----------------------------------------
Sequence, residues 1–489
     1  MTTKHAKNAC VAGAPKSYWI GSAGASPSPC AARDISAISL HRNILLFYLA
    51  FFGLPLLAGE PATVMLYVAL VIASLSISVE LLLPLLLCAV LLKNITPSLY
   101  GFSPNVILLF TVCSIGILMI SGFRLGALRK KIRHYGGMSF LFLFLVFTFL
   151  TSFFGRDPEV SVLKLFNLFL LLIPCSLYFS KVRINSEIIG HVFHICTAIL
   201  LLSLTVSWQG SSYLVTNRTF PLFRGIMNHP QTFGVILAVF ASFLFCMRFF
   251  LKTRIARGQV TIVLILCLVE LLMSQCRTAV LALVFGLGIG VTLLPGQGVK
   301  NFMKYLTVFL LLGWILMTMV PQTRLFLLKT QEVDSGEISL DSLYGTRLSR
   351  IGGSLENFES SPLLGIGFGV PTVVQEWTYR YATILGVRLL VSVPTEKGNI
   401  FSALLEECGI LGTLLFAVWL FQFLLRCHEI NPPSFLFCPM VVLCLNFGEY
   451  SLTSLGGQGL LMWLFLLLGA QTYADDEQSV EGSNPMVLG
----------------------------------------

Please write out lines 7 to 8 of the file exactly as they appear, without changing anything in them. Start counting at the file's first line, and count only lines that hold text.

   251  LKTRIARGQV TIVLILCLVE LLMSQCRTAV LALVFGLGIG VTLLPGQGVK
   301  NFMKYLTVFL LLGWILMTMV PQTRLFLLKT QEVDSGEISL DSLYGTRLSR